James J. Hamilton (@jamesjhamilton) is a comedian from Pittsburgh whose awesome genius is matched only by his incredible humility. Check out more of his writing and stand-up on his website

Sunday, November 20, 2016

Thanksgiving Thanks List - by Michael Buzzelli

It is inevitable. Like engine number five chugging down the track, Thanksgiving is coming. I have never been a big fan. I don’t eat turkey. I don’t like pumpkin pie. I don’t eat moist breadcrumbs and celery that is housed inside a dead bird. Don’t even get me started on giblets. Ick!

I don’t even like football. I’m continually surprised to be allowed to live in Southwestern Pennsylvania after mentioning that (let’s just keep that between us).

However, I decided that instead of being a Negative Nancy, I’d be a Positive Peter. I am going to be grateful, and actually give thanks, instead of knocking down a beloved fall holiday.

Since I believe that someday I’m going to be able to give an Oscar speech at the Academy Awards, I’m going to forgo thanking the friends and relatives this time around. I will thank my friends, family and agent in that speech. Besides, they know who they are. If I listed all of them, I’d get the hook half way through this column. I have also decided to make this gratitude list Thanksgiving-appropriate.

I’d like to thank those hard-working people who hold down the oversized Pillsbury Doughboy balloon at the Macy’s Thanksgiving Day Parade. Actually, I’m grateful for all of the balloon holder-downers, whether it’s Pikachu, Thomas the Train Engine, Paddington, Charlie Brown or Garfield.

P.S. I read the Garfield comic every day, and I have never once laughed at that cat. Why is he so popular?! He hates Mondays. Big freaking deal! Everyone I know hates Mondays.

But I digress, like I do. I also want to thank all those tireless Broadway actors, singers and dancers who show up at the parade and deliver previews to plays most Americans won’t see. For one brief and shining moment, they bring “Camelot” to you. A veritable smorgasbord of plays shows up in your living room. Yes, I am curious about the “Curious Incident of the dog in the Nighttime.” If I go to New York City this year, I can thank the parade for getting me to the theater.

I’d like to thank probiotic bacteria, those little micro-organisms that support good health. I know I’m going to need those little guys to be in top form as I overeat at America’s most gluttonous holiday. I’ve been training by eating a lot of yogurt and raw vegetables to prepare me for the big day.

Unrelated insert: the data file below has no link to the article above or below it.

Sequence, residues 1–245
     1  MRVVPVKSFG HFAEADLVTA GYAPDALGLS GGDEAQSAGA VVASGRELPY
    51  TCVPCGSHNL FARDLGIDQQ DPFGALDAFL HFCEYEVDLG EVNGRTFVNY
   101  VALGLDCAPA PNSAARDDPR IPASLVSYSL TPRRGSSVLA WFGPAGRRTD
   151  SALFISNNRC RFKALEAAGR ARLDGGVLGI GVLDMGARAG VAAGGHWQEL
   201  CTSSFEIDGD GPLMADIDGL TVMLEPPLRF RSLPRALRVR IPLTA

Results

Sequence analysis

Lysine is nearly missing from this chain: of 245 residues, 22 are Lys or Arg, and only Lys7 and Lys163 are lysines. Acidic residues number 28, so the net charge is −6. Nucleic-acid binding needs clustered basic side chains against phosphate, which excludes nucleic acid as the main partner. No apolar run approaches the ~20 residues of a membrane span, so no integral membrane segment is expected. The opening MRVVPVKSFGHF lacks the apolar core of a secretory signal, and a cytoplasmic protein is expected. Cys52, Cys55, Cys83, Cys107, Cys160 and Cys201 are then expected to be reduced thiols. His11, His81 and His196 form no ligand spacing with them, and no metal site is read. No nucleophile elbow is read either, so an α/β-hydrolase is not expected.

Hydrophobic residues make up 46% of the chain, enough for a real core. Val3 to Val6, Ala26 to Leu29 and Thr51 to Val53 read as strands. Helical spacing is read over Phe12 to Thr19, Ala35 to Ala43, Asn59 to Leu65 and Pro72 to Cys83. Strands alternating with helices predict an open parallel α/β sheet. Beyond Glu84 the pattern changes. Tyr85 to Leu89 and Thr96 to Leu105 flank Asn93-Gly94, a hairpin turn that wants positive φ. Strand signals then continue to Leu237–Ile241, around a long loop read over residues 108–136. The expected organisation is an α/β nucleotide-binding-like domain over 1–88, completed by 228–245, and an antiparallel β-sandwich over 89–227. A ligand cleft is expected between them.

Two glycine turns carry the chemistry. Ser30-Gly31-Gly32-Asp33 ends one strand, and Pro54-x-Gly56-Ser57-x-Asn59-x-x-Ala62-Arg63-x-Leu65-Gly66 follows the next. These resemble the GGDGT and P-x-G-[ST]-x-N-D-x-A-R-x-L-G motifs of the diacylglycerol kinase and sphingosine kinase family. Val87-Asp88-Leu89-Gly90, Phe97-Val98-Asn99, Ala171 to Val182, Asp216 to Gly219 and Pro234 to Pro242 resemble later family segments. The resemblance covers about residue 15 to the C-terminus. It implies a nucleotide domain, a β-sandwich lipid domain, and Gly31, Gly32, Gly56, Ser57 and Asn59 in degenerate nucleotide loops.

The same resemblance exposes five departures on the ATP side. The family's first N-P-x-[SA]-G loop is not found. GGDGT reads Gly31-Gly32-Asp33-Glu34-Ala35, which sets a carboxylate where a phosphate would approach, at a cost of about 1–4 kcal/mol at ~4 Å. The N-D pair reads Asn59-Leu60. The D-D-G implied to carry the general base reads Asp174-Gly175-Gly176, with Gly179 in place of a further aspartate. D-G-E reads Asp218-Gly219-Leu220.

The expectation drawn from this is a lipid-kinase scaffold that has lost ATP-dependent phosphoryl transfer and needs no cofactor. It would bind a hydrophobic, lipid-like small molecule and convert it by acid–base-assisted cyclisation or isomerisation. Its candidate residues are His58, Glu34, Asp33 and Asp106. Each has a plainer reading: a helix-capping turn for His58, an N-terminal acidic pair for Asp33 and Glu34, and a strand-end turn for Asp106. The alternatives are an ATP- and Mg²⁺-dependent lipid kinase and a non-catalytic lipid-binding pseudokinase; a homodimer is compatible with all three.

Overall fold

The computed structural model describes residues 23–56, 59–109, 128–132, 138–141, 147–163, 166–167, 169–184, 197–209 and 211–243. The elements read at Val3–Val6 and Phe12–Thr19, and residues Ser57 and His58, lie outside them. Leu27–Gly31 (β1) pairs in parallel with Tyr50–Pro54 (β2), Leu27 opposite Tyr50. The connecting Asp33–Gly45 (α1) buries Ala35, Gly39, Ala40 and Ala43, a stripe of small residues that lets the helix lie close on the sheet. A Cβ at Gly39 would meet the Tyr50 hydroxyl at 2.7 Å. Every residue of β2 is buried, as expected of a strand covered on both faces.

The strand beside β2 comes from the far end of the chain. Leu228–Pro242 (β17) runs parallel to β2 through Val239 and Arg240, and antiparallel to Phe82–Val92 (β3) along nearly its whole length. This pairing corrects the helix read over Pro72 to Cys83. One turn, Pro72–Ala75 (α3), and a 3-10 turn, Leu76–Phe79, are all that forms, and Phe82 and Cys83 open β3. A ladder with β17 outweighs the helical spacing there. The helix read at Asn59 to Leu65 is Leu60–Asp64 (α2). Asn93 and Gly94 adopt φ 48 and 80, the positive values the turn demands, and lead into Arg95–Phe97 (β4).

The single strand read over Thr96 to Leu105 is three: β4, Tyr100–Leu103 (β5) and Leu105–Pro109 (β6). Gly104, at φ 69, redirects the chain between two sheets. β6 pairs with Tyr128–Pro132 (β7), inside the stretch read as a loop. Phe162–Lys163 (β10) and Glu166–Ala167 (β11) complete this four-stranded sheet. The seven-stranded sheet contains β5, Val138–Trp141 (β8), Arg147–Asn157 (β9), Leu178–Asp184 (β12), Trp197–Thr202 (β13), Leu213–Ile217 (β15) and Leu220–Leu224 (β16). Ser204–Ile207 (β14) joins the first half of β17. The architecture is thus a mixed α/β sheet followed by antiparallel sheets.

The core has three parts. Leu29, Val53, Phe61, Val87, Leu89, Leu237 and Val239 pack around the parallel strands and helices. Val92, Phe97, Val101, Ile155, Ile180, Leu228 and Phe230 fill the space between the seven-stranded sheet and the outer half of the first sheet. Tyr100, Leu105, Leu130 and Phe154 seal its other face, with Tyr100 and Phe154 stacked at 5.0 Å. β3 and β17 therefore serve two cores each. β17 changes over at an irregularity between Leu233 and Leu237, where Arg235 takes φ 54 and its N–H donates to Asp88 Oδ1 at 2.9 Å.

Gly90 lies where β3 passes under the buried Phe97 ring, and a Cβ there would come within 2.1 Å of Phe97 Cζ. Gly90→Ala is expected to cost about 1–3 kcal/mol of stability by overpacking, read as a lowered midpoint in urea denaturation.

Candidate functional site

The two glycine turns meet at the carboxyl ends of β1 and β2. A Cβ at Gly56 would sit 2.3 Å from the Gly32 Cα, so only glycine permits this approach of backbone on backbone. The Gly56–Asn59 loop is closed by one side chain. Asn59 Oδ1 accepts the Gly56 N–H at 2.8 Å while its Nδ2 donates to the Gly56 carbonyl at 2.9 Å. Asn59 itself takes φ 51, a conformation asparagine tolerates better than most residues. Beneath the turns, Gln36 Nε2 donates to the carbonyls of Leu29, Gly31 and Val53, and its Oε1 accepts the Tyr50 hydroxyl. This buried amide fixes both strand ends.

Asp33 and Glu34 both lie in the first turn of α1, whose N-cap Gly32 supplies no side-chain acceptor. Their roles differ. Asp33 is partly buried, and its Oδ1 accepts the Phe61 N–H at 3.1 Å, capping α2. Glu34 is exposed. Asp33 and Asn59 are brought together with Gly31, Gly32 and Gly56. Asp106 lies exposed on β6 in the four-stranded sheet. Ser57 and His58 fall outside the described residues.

I’d like to thank Netflix. After a ginormous meal, I’m going to want to watch something other than football. I will probably watch one of those superhero shows. One of those where they never put on a costume. The ones where the character’s real name is also their superhero name like Jessica Jones or Luke Cage. The titles of these shows are “Jessica Jones” and “Luke Cage.” Go figure.

For the rest of the column, click here
Mike Buzzelli is a stand up comedian and a sit down author. His book, "Below Average Genius," a collection of humor columns culled from the Observer-Reporter, can be purchased here.

Monday, November 14, 2016

Cheapskate Patient Gets $100k Surgery and Doesn’t Even Tip the Doctor

By James J. Hamilton
PITTSBURGH—Confidential sources say local tightwad Brent Douglas recently received successful angioplasty surgery at Allegheny General Hospital to the tune of $100k and didn't leave any tip for the surgeon who performed the procedure, Richard Stedman, MD.

Dr. Stedman declined to comment on Douglas's failure to tip, though when we asked him about it, he looked like he was about to cry and excused himself from the room. Douglas was apparently too busy to comment on his shameful frugality, with his "wife" claiming he was "unavailable" and "recovering from surgery."

A nurse who assisted in the procedure, speaking on the condition of anonymity, took the penny-pinching Douglas to task for skipping out of the tip. "I'm not saying he's ungrateful, but if patients didn't tip, Dr. Stedman wouldn't be able to spend more than one week a year in the Turks and Caicos."